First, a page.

Dissolution started off as a nightmare. I was running, hard. I was so scared I thought I was going to choke. All I knew was that two men in suits were chasing me and that they were ruthless. And that they didn’t want me, not really. They were chasing a number. A body. An asset.
Now, my family is pretty much almost entirely in healthcare (I’m the black sheep. Baaaa). And I took enough biology and read enough history about World War II to know the absolutely horrifying things people have done to those they consider subhuman in the name of science. So I knew what the suits were going to do to me when they caught me. And I knew I was going to be alive for most of it.
The terror burned the idea into my brain, where it sat for years. It grew into a half-formed story, set in a dark, cyber-punkish world of mega-corporations. I wrote some scenes and then stopped. It was too big a story. Too terrible. I wasn’t ready.
Then two things happened.
1. I studied Law
I still remember reluctantly enrolling in the compulsory Corporations Law subject for my law degree. As chance (and my lazy timetabling choices) would have it, a few months later I found myself sitting in a class taught by Dr. Eric Windholz.
All you need to know about Dr. Windholz is this: he is an excellent, searing lecturer and an independently fascinating man. He is also one of those rare beings who can entirely justify his cynicism because he’s been on both sides of the fight—as general counsel for Phillip Morris and as General Manager of Strategic Programs & Support at WorkSafe Victoria. And I will never forget the chill that ran through me when he looked each of us in the eye and told us that companies were alive: that they could marry, divorce, give birth . . . and die.
That wasn’t the last of his lessons. I’d grown up the way I think most of us have, on a scale ranging from a faint distrust of corporations to full-blown hatred. Resident Evil certainly did not help. But Dr. Windholz challenged that by the simple method of asking us what a company was.
After we all invariably gave the wrong answer, his sadism relented and he told us his definition: a group of people who had decided to get together formally to pursue a common goal. That was it.
It made me realize something that should have been obvious to me, to everyone, but wasn’t: that companies aren’t inherently evil. They’re literally just a legal structure that people have used to protect themselves while they go after what they want—whether that’s mining for profits or setting up orphanages. And just that little shift in thinking is actually very empowering. Multinational corporations may seem like unstoppable behemoths if you’re looking at the legal structure. But if you blink and focus on the people smiling back from their corporate profiles, you realize that they’re just people. Probably Photoshopped people, but people nonetheless. And people can change their minds.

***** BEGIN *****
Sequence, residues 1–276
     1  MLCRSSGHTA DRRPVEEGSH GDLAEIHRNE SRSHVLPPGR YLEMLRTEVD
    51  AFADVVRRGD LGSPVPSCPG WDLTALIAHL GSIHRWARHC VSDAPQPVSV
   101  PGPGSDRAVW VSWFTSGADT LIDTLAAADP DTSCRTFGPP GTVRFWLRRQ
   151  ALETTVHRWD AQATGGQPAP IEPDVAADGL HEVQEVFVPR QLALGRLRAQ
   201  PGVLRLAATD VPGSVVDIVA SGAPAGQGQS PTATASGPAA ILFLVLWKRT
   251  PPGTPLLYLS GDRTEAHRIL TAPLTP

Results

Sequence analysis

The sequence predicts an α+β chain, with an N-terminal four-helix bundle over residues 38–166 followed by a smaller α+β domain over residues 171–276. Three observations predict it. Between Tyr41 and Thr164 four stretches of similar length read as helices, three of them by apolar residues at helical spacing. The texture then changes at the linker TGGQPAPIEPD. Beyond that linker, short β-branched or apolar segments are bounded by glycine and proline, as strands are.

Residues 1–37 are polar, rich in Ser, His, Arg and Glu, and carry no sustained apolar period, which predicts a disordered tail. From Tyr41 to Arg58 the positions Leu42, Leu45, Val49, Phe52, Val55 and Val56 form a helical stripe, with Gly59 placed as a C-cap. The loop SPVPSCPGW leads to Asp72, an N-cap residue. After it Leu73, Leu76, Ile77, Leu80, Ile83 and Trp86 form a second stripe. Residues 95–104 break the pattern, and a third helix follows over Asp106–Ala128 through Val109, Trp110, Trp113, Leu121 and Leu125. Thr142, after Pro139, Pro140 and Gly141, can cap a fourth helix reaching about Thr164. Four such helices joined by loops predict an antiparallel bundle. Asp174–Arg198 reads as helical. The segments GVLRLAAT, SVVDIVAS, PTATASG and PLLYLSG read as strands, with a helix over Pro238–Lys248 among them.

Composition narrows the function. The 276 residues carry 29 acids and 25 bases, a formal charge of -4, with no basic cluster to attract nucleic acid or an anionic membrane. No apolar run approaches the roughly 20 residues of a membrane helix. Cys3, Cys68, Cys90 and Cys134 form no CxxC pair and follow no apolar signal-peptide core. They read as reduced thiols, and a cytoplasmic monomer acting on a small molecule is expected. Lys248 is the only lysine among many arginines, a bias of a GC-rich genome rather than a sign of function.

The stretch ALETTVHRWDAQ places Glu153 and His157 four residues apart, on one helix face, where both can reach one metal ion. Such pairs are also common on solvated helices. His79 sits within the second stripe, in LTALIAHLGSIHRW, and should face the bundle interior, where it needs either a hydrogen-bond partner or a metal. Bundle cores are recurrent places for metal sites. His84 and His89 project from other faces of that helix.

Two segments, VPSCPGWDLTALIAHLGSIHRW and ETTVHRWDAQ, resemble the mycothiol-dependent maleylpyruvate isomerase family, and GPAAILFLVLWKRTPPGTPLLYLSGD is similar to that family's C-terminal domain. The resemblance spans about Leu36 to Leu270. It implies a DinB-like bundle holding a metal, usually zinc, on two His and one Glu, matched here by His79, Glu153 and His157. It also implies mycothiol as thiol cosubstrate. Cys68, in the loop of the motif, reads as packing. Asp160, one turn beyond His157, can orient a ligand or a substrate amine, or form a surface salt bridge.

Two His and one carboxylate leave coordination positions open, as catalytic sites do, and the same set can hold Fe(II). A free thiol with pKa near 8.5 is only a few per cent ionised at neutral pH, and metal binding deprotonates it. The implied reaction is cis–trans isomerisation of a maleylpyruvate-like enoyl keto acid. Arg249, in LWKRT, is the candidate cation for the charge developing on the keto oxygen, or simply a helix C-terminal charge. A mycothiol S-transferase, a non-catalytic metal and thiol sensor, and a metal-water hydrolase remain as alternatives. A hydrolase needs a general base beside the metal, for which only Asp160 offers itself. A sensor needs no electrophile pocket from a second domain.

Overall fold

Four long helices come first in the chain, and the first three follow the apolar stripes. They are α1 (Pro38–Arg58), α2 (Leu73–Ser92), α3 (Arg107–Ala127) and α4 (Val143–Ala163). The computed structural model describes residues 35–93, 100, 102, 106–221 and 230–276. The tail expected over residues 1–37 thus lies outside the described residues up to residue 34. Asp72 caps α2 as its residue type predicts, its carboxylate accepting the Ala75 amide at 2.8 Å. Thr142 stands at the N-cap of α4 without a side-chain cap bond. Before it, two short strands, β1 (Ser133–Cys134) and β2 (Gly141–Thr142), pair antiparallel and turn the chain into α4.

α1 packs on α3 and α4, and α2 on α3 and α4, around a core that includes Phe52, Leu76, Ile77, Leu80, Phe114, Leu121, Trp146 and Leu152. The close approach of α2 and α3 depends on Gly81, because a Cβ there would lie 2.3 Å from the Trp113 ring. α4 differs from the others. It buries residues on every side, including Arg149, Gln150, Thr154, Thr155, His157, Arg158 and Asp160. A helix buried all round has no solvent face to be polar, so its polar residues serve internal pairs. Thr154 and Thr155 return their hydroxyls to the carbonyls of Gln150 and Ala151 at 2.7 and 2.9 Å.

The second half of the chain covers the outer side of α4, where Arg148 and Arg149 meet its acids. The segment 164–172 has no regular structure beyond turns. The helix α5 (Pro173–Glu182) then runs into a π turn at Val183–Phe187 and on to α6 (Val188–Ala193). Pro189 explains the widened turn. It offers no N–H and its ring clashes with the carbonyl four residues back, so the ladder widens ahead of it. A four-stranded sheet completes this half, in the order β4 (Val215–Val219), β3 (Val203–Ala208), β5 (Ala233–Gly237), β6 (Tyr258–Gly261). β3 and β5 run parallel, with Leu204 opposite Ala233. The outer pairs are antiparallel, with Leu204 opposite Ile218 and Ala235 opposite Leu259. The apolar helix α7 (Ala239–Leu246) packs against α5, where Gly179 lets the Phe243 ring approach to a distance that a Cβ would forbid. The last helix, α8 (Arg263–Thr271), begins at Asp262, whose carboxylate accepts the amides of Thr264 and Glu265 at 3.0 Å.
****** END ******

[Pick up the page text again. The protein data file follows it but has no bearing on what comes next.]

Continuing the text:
That’s not to say that corporate structures don’t have their own issues. Just like what happens when you get any group of people together, you risk problems such as groupthink and diffusion of responsibility. But arguably, those are issues rooted in human psychology. It’s just easier to blame branding and corporate logos than it is to take a hard look at ourselves.
. . . All right, that was probably more legal/psychological theory than you needed. Still with me? Awesome.
2. I Graduated
The second thing that happened was that I graduated into an oversaturated, highly competitive legal market. It was brutal. In the year that I applied for internships, all the major firms culled their staff. The interns that year were slaughtered. They’d worked their asses off and gone through a hideous selection process with the promise that one in three of them would get a job. When that number turned out to be a joke, well . . . hell hath no fury like a law student scorned.
As for my competition, picture one of those people who get blindingly high GPAs, already works part-time in the industry, wins competitions and still somehow finds the time to volunteer, while simultaneously being so goddamn nice that it’s impossible to hate them. Well, in my year, it wasn’t just that one guy or girl. It felt like I was surrounded by them.
So, like the neurotic, anxiety-ridden law student I was, I researched. I optimized my CV, gambled on my cover letters, and attended a lot of seminars. One of them was on the job application process, and it was taught by a scarily enthusiastic lady who had about three slides devoted to Personal Branding. For those of you who haven’t come across that ridiculously sales-y term, it’s exactly what it sounds like. It’s treating yourself as a product and trying to figure out how to “market” that to potential employers.
Needless to say, at one point in the seminar she paused dramatically and said, “You have to sell yourself.”
Dissolution was born of all of these things and more. So as you can see, I’ve got a lot of people to thank. Aside from Dr. Windholz, I have to thank the friends who stayed up with me until 2am eating shitty pancakes and helping me workshop the book title.
I have to thank everyone who read the book and gave me their honest feedback.
I have to thank my long-suffering partner for, well, everything.
I have to thank my readers, who took a chance on me (seriously, thank you).
And I have to thank the lady (sorry, I’ve forgotten your name) who took her job so damn seriously that she told us to sell ourselves.